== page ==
https://blackwoodgrowers.com.au/2018/03/30/greenpeace-leaves-the-forest-stewardship-council-fsc/

With Greenpeace gone it now seems that the FSC is moving towards becoming another forest industry rubber stamping organisation like the PEFC.

Buying FSC certified wood products does not save the world’s forests.

New Zealand

Imagine if this response on economic viability was given within a New Zealand context, where the forest industry is fully commercial and profitable?

“Yeah we just waste taxpayers money to grow trees and give them away! Who cares about farmers?”

New Zealand farmers would be marching on their Parliament House to bring down the Government!

Here in Tasmania? Not a whisper of protest!

Bunnings

Bunnings, Australia’s largest timber retailer, is threatening to stop selling public native forest products next year (2020) unless the products achieve FSC certification.

https://blackwoodgrowers.com.au/2018/08/04/bunnings-finally-takes-a-stand/

The marketplace is finally saying “enough is enough”!

For both Vicforests and STT this is crunch time!

Wind up

Four years ago former State politician Sue Smith called for the winding up of FT/STT. How she described the forest industry then is still the same today, but worse.

https://www.themercury.com.au/news/politics/former-mlc-sue-smith-urges-forestry-tasmania-windup/news-story/50272c2ae1798a9358999278b5563073?fbclid=IwAR2YxZMeGSksYF7eI5NxmEmnPxYe2BQ3a8vUdCmr38t1hclWC7tS3JqC-xc

How in anyone’s imagination can this agency achieve FSC certification?

Blackwood

Who is going to grow commercial blackwood when the Tasmania State government and STT waste taxpayers money giving away public native forest blackwood, supported by taxpayer subsidies and the Forest Stewardship Council?

Nothing has changed

Sustainable Timbers Tasmania does not have a business plan, nor does it have commercial objectives.

Neither does it apologise every year for its continuing waste of Tasmanian taxpayers money.

“This is the number of teachers and nurses you missed out on this year thanks to our activities. But don’t worry! We are sustainable!!”

Nothing has changed.

But from my perspective it is the failed economics of public native forestry that is the primary reason that Tasmania will never have a Tasmanian Blackwood Growers Cooperative.

If the FSC “Economic Viability” criteria are so easy to achieve, one must assume the other two criteria – “Environmentally Appropriate” and “Socially Beneficial” – are just a walk in the park!

As a forester I believe this is about the worst possible outcome for the forest industry. It is certainly the worst possible outcome for the Tasmanian community.

  1. And finally, who gets to pay for STT’s FSC assessment? That’s right! The long suffering Tasmanian taxpayer. Show me a private forest grower who has their FSC assessment paid for by the taxpayer. Answer! NONE!!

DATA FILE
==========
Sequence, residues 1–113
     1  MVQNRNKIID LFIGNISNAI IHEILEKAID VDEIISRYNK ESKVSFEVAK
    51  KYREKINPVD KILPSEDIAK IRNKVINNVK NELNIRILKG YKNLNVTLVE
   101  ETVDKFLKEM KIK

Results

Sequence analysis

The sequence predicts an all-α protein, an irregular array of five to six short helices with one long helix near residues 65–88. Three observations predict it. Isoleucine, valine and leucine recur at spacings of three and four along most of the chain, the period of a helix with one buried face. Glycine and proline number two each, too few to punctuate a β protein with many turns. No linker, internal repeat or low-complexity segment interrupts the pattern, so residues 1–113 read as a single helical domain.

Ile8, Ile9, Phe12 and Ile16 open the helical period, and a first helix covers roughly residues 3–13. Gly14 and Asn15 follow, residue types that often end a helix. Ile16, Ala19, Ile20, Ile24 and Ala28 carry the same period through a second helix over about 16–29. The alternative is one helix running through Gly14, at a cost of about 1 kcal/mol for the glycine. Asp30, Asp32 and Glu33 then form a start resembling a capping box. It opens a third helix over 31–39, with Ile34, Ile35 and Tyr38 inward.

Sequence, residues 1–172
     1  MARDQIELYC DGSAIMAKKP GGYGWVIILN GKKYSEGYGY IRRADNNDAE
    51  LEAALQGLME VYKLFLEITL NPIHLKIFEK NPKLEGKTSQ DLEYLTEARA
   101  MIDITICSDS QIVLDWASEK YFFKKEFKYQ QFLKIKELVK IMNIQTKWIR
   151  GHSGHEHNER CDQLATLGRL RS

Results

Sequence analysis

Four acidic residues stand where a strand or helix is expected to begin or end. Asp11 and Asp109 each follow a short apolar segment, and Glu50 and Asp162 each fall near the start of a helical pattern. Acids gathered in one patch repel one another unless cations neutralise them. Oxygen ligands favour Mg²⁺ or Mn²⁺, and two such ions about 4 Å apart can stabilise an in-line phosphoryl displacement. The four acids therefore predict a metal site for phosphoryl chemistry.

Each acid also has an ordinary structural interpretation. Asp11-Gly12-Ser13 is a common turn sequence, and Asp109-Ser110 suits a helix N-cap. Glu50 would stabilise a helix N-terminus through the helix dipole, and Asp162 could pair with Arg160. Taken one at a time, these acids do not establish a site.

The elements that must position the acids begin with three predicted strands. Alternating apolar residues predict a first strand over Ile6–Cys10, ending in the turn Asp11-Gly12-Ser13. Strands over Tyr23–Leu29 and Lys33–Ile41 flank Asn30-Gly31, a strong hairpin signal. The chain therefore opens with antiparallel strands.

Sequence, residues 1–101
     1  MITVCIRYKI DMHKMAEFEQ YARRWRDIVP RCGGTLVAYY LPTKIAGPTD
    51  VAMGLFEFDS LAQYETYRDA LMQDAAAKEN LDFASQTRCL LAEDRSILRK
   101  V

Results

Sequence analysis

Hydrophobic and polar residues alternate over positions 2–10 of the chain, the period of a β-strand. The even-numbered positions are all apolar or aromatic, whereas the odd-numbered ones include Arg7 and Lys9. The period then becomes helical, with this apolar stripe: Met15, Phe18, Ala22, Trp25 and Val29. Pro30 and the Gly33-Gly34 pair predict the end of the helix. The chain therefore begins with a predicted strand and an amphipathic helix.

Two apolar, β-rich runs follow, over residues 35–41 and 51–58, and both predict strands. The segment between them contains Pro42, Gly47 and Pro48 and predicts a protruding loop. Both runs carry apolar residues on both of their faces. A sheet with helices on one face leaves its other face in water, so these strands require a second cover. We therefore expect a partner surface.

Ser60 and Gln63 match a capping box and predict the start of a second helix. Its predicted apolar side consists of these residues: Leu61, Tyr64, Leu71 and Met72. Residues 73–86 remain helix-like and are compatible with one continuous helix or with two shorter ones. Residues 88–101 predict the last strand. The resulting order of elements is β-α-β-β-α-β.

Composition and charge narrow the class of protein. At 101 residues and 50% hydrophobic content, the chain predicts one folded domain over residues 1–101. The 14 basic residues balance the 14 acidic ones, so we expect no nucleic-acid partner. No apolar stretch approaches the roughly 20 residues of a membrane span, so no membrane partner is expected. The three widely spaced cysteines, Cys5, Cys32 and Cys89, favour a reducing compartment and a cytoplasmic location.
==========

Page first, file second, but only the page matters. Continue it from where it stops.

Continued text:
PPS. STT is just the forest manager. The State Government owns the forests! The same State Government that wants to log the Tasmanian Wilderness World Heritage Area. The same State Government that IS logging ancient rainforests in Conservation Reserves. For the FSC to certify STT would be an even bigger act of hypocrisy than that of the Tasmanian State Government. The Tasmanian Government determines Forest Policy NOT Sustainable Timbers Tasmania!!

When will Tasmania get a real forest industry based on profitable private tree growers?

Public Notification

To:          Interested Parties

From:    SCS Global Services

Date:     8 April 2019

Re:         Notification of Planned FSC Certification Evaluation of Sustainable Timber Tasmania

Summary:  As part of an upcoming Forest Stewardship Council™ (FSC®) certification evaluation, SCS is currently seeking stakeholder input regarding the forest management program and practices of Sustainable Timber Tasmania.  Please comment via email or contact our offices (contact information below).

In pursuit of Forest Stewardship Council (FSC) endorsed forest management certification, Sustainable Timber Tasmania will be undergoing an audit on the full weeks of 20 and 27 May 2019.  The audit will be conducted by SCS Global Services, a FSC-accredited certification body. The Forest Stewardship Council is a non-profit organization devoted to encouraging the responsible management of the world’s forests. FSC sets standards that ensure forestry is practiced in an environmentally responsible, socially beneficial, and economically viable way.

Sustainable Timber Tasmania (STT) is a Tasmanian Government Business Enterprise responsible for sustainably managing  public production forest (Permanent Timber Production Zone land) and undertaking forest operations for the production and sale of forest products from these forests.